The Boddington 100K takes place on a 2.2 mile lap course on flat country roads in Gloucestershire. I entered it as it’s a new distance for me, so it seemed churlish not to. I was very wary of the 11.5 hour time limit, especially as the race was just 3 weeks after GUCR (and 5 weeks after 10in10) and I had no idea if I’d be recovered enough from those to be quick enough.
The organiser took me to one side when I was collecting my number. She asked if I’d done the distance before and what sort of time I could manage.[hahahahahahahaha – Ed] I could have said that while I hadn’t done 100K, I’d done 3 longer races, another 5 races of 50 miles or more and over 20 shorter ultras. But as I wasn’t feeling too confident about getting round in time (mainly because my knees spent all of Friday feeling just plain wrong), I think I just mumbled something about having done a few long runs. My running friends, who overheard and had far more faith in my ability, found it hilarious – “doesn’t she know who you are?!”. It’s a good thing they were there as it was otherwise a rather disconcerting way to start the day.
I needn’t have worried. I wore compression bandages on my knees – possibly their main purpose was to act as security blankets – and my legs held up very well throughout. I ran a relaxed first marathon in 3:53, went through the double in 8:13 and finished in 9:56. I am very pleased with that. I actually ran the first 70K (stopping only to fill my water bottle and grab gels or food from the checkpoint) and even after that only had a short walk every couple of miles or so. I think I’d had more than enough walking at the canal, so was far more comfortable just to keep running.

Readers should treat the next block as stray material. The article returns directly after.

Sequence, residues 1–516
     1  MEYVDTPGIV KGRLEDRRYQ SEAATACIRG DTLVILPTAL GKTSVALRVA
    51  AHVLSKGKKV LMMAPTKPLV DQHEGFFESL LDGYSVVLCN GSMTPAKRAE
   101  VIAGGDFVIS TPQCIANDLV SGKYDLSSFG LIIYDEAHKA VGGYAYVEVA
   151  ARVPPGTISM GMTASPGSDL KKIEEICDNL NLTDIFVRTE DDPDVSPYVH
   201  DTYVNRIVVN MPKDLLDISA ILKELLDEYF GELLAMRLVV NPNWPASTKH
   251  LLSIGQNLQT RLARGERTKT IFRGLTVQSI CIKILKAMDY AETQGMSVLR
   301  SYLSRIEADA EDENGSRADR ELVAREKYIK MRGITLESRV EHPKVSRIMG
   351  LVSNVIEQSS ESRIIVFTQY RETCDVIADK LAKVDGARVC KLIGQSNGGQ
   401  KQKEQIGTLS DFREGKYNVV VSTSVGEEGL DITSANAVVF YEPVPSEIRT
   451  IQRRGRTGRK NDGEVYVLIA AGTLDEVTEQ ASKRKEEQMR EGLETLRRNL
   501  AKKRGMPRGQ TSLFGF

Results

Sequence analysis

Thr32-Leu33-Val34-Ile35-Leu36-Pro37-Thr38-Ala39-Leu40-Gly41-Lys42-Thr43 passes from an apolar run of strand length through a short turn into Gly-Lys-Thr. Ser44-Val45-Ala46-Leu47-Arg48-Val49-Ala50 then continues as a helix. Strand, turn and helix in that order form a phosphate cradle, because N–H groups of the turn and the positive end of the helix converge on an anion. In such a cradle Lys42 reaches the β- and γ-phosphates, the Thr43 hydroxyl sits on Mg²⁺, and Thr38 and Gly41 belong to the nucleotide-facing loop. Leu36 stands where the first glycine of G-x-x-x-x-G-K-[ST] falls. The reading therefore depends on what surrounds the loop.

I like laps. A good thing as there were 28 of them. As the marathon and 50K were on the same course, all starting at the same time, it meant that there were plenty of people around. I don’t mind being lapped by faster runners – I enjoy watching people who are good at their sport. And for a change I actually lapped quite a few people myself too. I ran with Lindley, who’d I’d met at a couple of previous races, for a few miles at the start, but spent the majority of the race just pootling along on my own. It was pretty warm, but with a pleasant cooling breeze. The race memento was one of those laser etched paperweight thingies. The 100K race was a Celtic Plate team competition: England v Ireland v Scotland v Wales, with 3 from each country to count. It was won be the English men and the Scottish women. As it turned out, I was the only English girl there who finished. Seemed like a missed opportunity – if there had been a couple more, I could have said I competed on the England team. Better than the football.
A lovely day out all in all.